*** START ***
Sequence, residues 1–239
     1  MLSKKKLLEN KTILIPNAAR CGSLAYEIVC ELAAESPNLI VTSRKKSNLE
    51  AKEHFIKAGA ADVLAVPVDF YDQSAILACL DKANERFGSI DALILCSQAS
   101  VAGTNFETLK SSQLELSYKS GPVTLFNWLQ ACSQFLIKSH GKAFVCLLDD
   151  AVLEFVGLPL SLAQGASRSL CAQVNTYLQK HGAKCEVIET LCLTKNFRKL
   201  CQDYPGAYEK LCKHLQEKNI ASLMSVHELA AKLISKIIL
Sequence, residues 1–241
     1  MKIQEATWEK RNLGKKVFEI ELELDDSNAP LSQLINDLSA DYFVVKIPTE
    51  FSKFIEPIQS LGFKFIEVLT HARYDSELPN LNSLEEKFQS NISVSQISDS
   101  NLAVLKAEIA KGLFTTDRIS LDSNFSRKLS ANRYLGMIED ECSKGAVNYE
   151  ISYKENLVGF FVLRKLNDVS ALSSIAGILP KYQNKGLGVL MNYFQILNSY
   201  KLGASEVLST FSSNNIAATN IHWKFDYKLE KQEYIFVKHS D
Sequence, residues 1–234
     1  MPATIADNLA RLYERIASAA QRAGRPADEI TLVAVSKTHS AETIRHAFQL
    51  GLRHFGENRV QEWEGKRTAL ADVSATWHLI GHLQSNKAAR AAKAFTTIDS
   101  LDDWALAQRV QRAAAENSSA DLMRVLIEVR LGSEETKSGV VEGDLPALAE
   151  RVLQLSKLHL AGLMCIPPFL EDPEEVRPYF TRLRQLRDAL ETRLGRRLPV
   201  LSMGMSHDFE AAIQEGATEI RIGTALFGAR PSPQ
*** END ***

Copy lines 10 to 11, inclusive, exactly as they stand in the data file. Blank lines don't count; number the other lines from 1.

   101  NLAVLKAEIA KGLFTTDRIS LDSNFSRKLS ANRYLGMIED ECSKGAVNYE
   151  ISYKENLVGF FVLRKLNDVS ALSSIAGILP KYQNKGLGVL MNYFQILNSY